ChatGPT has created quite a buzz since its launch last fall, and has quickly settled as a staple in everyday life. Despite concerns surrounding the use of AI within academic fields, some university professors are now introducing classes and courses focused solely on educating students on the topics of prompt engineering and AI comprehension.

The rapid rise in popularity prompted Andrew Maynard, a professor at Arizona State University’s School for the Future of Innovation in Society, to offer a course tailored to help students get a head start with these emergent AI tools.

“We’ve got to the point where it was very clear to me [that] there was a lot of panic, a lot of intrigue and things were moving fast”, Maynard told Inside Higher Ed.

In April this year, Maynard offered a course now known as Basic Prompt Engineering with ChatGPT, which teaches students how to effectively create prompts for the chatbot that consistently generates desirable output.

Adapt to Survive?

While there has been significant pushback in the education sector against ChatGPT, citing obvious concerns like plagiarism and cheating, the faculty behind courses like Maynard’s see this as an opportunity to prepare students for the drastically changing digital landscape created by OpenAI’s ChatGPT and other AI tools like it.

This will affect every domain, every discipline, and it’s really important we teach it.

Jules White

Jules White, director of the Future of Learning and Generative AI at Vanderbilt University, argues that “People are saying, ‘Generative AI is taking your job’ – if that’s the case, we better do something about it and make sure students are innovating and succeeding”.

It may seem like a counterproductive approach to the concerns about how AI will affect future employment landscapes, but the move to get young members of the workforce up to speed and ‘useful’ in a world of increasing AI prevalence could actually mitigate any projected damage to the job market.

Amusingly enough, Maynard went straight to ChatGPT to help design his online course, though he did also have faculty and graduate students help test and evaluate the content. The chatbot did have a major role in the initial phases of creating the course; while it makes sense for ChatGPT to explain how to use its own software, could this be the start of AI-generated curriculums?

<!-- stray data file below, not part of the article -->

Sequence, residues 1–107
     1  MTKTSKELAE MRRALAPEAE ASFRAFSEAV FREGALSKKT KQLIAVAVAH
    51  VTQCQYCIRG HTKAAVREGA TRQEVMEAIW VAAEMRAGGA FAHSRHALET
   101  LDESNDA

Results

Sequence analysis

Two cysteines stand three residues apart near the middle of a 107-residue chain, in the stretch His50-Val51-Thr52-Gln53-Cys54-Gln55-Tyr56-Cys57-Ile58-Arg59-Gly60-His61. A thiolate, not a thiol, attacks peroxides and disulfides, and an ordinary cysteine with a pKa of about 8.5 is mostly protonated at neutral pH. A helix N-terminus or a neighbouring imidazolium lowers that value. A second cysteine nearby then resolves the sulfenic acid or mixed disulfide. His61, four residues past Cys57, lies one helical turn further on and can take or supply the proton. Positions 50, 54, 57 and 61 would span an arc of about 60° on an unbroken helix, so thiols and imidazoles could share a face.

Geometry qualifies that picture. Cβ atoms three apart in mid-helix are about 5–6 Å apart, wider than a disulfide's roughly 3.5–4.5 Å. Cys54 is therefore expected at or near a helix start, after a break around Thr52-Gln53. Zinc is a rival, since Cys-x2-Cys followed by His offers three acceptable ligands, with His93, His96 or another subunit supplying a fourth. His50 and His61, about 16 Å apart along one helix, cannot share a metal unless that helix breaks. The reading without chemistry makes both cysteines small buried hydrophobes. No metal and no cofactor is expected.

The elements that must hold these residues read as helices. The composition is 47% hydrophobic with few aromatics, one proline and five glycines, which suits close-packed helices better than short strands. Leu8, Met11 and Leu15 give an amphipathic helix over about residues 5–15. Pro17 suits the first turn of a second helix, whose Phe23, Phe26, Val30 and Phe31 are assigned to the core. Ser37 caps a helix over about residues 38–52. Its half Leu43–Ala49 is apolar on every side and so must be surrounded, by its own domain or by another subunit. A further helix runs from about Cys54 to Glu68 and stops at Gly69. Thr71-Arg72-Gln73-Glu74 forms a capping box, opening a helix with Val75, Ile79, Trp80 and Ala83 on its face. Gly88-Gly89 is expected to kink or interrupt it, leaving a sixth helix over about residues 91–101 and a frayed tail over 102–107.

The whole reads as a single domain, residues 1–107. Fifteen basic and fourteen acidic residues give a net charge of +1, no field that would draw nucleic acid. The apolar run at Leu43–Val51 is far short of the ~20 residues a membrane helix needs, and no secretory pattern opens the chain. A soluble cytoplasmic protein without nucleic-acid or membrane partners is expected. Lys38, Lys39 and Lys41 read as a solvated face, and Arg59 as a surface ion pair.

TechRadar – All the latest technology news

Read More

ChatGPT is adding Bing access on iPhone, but only if you pay up

ChatGPT’s iPhone app is going to offer users access to the internet via Bing – but only if you’re willing to pay for a premium ChatGPT subscription.

OpenAI’s large language models (LLM) that power its ChatGPT bot have taken the tech world by storm this year, with GPT 3 and now GPT 4 integration being introduced to a bevy of products including Spotify, Bing, and even Mercedes cars.

Some integrations go both ways too, with Bing being added to ChatGPT’s web version back in May. Now Bing has come to ChatGPT’s iPhone app for people who pay $ 20 a month for ChatGPT Plus (roughly £16 / AU$ 30).

This looks set to be a major upgrade for the iPhone app. One significant drawback to ChatGPT and the GPT 4 LLM is that it only has data that’s accurate up to around September 2021 – so if you ask the LLM questions about events that happened in 2022 or 2023 it probably won’t know what you’re talking about, and it may hallucinate (read: make something up). Giving GPT 4 access to Bing would enable the chatbot to find answers to questions that fall outside of its stored data. 

Don’t expect this Bing integration to be an instant enhancement to ChatGPT’s iPhone version mind. For one thing, the feature is only in beta, so it may have a few issues that OpenAI still needs to patch out. For another, while the internet is home to more recent data that could help boost the AI’s reliability, it’s also home to inaccurate info, so ChatGPT’s answers will likely still feature errors. 

How to use ChatGPT with Bing on iPhone